SAN SALVADOR (Reuters) - El Salvador’s leftist president, Mauricio Funes, apologized on behalf of the state on Saturday for crimes committed by the former right-wing government in the country’s long and vicious civil war.
Funes, the first president from a party founded by Marxist guerrillas who fought in the 12-year conflict, said soldiers and security forces had committed human rights crimes and abused their power.
“In the name of the state of El Salvador, I ask for pardon,” Funes said at an event marking the 18th anniversary of the end of the conflict, which left at least 75,000 people dead.
Funes did not mention crimes committed by leftist forces during the civil war, although members of his party at another event on Saturday acknowledged them.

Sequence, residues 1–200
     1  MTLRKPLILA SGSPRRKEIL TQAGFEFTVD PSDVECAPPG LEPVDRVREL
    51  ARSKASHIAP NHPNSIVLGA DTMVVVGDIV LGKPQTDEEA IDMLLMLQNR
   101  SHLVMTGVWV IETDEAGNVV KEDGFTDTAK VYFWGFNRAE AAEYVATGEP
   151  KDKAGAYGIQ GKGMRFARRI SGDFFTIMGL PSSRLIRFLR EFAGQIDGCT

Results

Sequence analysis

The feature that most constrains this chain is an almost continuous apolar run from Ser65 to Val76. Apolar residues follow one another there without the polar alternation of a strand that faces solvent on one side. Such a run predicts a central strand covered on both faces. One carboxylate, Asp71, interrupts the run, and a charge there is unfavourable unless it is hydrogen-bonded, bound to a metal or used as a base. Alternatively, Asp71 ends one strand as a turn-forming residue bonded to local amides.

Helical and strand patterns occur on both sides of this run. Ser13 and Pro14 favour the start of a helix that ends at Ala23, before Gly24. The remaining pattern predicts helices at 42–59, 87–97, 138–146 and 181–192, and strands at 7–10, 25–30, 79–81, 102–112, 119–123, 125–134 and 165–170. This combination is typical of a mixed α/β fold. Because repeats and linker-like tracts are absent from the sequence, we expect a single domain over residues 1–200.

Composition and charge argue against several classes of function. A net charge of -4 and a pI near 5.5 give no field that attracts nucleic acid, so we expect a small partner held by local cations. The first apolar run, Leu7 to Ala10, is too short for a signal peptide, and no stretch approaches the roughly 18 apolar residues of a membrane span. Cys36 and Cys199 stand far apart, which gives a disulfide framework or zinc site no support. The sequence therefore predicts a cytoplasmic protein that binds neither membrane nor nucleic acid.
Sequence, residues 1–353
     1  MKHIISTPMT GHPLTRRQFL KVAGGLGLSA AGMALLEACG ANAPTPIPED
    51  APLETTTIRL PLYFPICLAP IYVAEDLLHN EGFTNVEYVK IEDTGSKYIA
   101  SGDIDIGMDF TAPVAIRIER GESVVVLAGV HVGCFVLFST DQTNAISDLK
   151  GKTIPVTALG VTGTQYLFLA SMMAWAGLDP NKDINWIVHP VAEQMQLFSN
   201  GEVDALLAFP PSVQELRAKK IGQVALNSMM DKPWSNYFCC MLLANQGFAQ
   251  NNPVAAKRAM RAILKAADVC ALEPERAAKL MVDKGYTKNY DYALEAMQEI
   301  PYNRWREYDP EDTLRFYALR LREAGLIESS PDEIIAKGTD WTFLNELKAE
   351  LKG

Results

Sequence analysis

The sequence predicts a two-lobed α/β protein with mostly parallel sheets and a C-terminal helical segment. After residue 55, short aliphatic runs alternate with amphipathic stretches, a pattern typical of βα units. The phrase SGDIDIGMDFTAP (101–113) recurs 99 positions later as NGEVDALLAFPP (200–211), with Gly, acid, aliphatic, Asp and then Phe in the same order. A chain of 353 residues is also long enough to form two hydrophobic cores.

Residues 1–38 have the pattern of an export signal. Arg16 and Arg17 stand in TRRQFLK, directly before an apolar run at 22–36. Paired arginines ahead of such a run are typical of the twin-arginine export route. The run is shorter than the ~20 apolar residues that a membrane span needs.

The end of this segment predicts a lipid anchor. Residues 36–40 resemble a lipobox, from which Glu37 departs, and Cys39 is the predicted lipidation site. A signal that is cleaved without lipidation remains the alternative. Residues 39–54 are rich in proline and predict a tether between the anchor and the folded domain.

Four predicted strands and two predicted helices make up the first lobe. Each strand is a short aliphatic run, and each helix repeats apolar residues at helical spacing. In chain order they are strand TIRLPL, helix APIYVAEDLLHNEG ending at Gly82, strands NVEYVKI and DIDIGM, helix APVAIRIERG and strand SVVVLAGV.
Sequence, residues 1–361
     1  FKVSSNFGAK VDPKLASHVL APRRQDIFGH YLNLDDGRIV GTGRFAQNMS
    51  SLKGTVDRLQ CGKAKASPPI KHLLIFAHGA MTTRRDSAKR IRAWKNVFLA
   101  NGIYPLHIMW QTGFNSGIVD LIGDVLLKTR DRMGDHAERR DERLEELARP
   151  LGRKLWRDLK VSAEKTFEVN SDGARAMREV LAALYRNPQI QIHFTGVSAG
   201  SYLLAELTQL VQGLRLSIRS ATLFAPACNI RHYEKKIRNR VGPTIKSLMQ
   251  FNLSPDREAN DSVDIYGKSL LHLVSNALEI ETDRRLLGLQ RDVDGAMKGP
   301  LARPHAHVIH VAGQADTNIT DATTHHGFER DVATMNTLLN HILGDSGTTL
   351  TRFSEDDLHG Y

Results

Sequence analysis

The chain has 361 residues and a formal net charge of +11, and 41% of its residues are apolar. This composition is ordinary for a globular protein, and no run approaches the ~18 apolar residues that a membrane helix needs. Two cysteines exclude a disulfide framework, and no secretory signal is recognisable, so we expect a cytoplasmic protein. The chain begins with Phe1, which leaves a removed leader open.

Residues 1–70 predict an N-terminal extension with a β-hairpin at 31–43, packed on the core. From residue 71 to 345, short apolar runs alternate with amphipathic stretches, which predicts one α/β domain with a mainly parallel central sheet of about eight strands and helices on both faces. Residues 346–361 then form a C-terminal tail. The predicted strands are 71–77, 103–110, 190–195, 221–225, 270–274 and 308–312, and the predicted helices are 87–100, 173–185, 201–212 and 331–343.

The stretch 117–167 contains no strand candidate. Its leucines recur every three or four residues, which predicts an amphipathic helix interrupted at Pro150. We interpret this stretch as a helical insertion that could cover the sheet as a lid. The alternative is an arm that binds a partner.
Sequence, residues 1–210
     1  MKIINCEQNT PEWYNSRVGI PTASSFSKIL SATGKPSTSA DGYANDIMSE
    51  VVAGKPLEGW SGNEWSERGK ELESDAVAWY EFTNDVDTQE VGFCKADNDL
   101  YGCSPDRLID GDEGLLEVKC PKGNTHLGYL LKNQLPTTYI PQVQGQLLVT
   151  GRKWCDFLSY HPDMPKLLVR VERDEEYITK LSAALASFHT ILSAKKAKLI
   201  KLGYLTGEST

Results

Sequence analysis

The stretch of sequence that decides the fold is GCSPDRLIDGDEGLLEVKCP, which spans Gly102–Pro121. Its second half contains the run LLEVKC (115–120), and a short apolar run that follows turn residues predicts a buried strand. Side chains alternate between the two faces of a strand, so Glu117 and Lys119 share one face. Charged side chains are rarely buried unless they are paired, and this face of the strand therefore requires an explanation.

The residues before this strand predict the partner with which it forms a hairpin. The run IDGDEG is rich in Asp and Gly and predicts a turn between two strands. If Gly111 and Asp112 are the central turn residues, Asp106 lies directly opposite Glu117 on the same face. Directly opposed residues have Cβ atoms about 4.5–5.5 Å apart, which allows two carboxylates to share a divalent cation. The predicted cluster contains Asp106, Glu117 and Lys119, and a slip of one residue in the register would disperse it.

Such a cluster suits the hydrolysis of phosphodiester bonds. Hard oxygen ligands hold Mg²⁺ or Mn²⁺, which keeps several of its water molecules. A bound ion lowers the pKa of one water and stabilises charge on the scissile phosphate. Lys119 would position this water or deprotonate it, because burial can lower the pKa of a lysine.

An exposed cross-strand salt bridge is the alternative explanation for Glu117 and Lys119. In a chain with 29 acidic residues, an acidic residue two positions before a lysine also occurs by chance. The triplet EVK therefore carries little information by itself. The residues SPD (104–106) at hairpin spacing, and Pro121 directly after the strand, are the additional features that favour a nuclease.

A former television journalist who reported on the civil war but never fought in it, Funes last year ended two decades of rule by the conservative and pro-U.S. ARENA party.
Previous presidents from ARENA, which was founded by an army major closely associated with right-wing death squads in the civil war, have refused to apologize for the government’s role.
Funes has urged unity and reconciliation in El Salvador since taking office last June and has said he wants strong relations with Washington.
Reporting by Nelson Renteria; Editing by Peter Cooney